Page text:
By Paul S. George
The province of Tequesta Indians until recent centuries, Coconut Grove was, by the early 19th century, a favorite stop for mariners attracted to its bubbling fresh water springs along a broad waterfront. Early residents in the area were few, but one, Dr. Horace Porter, established a U.S. Post Office in 1873, bearing the name Cocoanut Grove (sic).
Other settlers came from the Bahamas, and they homesteaded free land under the terms of the Homestead Act of 1862. One of the biggest breakthroughs came with the opening, in the early 1880s, of the Bay View Inn, later known as the Peacock Inn for its proprietors. The Inn became a magnet for a growing community of accomplished, often eccentric, visitors, many of whom would make Cocoanut Grove their permanent home.
By 1890, Cocoanut Grove counted more than one hundred residents, and the beginnings of a Black Bahamians population, whose members were skilled at farming and maritime work. Accompanying this growth were those institutions associated with a maturing community.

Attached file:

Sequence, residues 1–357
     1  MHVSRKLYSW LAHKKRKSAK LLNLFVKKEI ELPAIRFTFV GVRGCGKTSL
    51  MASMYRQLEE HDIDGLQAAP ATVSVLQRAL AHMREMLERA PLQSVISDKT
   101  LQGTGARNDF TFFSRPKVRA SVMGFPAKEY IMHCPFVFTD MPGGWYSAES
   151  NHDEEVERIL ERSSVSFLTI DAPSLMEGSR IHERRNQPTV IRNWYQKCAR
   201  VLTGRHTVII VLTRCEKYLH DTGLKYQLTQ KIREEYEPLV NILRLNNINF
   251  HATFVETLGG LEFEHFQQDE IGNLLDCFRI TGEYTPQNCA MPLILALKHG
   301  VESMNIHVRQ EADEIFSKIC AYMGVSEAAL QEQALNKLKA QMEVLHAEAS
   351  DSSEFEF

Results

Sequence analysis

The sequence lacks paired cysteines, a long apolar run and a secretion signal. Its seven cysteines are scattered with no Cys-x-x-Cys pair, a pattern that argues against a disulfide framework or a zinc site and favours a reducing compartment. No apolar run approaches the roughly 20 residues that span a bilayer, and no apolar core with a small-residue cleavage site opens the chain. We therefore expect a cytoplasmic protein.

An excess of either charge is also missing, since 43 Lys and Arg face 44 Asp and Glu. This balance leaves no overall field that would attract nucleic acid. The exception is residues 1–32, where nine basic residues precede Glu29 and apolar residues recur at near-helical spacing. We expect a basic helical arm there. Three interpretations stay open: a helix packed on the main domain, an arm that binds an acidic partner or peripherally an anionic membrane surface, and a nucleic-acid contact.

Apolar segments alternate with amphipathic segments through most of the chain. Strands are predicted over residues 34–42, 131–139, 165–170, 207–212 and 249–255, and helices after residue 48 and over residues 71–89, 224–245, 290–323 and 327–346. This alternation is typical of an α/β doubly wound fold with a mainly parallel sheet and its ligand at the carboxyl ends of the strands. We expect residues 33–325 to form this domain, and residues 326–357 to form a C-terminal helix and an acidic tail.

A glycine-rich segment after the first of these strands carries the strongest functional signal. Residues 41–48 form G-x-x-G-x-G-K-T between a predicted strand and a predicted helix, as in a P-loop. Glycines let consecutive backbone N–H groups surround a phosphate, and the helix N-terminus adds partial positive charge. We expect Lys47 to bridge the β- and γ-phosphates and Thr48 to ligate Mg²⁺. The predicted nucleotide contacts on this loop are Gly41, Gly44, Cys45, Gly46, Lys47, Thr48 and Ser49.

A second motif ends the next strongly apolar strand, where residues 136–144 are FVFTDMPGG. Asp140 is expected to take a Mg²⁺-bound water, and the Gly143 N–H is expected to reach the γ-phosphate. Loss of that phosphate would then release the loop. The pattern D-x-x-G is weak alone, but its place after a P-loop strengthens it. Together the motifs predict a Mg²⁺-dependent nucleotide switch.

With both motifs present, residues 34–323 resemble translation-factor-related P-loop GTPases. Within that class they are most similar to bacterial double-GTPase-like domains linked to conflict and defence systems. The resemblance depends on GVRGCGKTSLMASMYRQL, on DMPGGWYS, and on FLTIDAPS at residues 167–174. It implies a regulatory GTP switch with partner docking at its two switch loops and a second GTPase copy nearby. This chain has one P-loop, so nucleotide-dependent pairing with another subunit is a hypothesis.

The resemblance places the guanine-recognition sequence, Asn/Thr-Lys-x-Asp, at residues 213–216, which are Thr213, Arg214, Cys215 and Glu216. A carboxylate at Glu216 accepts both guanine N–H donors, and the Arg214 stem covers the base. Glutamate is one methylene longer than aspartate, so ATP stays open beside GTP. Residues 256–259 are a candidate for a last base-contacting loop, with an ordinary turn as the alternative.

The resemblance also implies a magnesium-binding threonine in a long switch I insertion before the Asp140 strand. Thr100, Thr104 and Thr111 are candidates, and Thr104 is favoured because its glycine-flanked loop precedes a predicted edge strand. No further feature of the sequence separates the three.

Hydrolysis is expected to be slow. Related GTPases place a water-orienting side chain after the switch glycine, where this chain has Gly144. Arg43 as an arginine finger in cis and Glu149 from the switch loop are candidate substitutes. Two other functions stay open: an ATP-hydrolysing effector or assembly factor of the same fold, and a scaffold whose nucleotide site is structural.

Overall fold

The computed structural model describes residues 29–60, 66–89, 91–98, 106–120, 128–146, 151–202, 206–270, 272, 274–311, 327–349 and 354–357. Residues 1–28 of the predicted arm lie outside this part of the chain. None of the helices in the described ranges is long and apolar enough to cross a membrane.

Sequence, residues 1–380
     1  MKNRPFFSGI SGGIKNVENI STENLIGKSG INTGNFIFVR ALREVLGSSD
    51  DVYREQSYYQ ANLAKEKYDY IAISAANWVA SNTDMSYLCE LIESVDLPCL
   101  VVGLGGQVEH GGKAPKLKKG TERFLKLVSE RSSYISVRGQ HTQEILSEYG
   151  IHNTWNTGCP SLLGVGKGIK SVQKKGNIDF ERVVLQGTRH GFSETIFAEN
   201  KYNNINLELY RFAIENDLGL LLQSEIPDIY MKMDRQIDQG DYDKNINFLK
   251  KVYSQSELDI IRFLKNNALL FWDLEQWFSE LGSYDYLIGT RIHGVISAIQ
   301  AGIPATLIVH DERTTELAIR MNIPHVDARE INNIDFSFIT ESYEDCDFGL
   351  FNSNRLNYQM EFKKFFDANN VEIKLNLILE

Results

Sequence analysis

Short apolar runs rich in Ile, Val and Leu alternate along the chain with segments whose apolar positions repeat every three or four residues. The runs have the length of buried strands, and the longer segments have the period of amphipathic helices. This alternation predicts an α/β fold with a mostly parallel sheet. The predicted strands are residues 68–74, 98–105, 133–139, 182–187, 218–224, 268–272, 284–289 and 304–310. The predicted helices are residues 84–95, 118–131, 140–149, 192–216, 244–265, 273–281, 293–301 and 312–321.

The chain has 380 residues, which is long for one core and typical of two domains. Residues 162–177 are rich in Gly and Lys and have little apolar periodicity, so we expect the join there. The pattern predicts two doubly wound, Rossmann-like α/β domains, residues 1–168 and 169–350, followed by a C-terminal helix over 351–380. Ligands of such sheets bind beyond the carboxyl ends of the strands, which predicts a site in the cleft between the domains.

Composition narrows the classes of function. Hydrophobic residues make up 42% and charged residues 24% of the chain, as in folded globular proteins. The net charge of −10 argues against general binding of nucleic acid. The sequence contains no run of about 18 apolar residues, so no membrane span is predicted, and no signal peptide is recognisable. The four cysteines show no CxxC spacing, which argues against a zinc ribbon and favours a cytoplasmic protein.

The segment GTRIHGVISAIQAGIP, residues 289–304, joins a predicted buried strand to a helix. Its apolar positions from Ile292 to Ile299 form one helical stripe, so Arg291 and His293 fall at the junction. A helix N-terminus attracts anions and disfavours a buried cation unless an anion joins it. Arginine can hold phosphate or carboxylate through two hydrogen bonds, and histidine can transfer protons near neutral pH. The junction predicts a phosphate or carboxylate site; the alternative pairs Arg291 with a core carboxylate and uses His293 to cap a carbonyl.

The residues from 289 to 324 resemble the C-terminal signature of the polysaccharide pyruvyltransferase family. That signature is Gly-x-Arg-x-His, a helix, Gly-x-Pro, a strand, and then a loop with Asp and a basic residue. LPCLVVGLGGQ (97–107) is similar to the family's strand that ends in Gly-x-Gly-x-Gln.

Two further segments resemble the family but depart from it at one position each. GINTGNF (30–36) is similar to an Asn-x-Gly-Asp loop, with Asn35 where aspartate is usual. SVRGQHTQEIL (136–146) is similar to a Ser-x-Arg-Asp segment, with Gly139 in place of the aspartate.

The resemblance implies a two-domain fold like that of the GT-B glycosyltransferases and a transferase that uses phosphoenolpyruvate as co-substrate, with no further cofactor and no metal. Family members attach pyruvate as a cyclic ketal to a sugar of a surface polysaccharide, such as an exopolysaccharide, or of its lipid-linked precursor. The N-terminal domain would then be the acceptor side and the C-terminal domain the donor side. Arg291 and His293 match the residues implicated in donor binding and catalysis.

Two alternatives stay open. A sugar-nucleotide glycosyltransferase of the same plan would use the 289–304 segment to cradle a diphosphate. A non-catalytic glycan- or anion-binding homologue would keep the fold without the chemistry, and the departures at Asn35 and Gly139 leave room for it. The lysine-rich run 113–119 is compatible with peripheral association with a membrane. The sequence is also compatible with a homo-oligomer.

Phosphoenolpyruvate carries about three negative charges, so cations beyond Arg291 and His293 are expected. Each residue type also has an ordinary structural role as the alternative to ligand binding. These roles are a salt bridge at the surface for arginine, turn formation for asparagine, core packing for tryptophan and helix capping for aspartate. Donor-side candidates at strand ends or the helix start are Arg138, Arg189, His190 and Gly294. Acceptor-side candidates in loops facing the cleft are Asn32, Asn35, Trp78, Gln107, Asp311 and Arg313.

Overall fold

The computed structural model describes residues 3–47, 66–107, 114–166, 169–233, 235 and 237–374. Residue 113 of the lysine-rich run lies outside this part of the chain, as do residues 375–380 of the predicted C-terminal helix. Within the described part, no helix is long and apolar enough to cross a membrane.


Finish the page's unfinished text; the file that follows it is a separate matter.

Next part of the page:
By the early 1900s, wealthy Americans, including titans of finance and industry, began building splendid winter homes along Main Highway. America’s entry into WWI brought a Naval air station to Dinner Key and Cocoanut Grove. In 1919, the community incorporated as a town, and dropped the “a” from Cocoanut Grove. In 1925, the onrushing city of Miami annexed Coconut Grove. At decade’s end Pan American Airways took control of the former naval air station venue for its seaplane operation.
Post World War II Coconut Grove saw additional change as the Grove became the “in” place for creative types, events and festivals, and for all who wanted a walking community amid leafy trees, venerable institutions, and quirky shops, bars, and restaurants. In recent decades, high rise condominiums have arisen and many of the charming “mom and pop” businesses have left. Yet, the Grove remains distinctly different from any other part of vast, dense Miami-Dade County.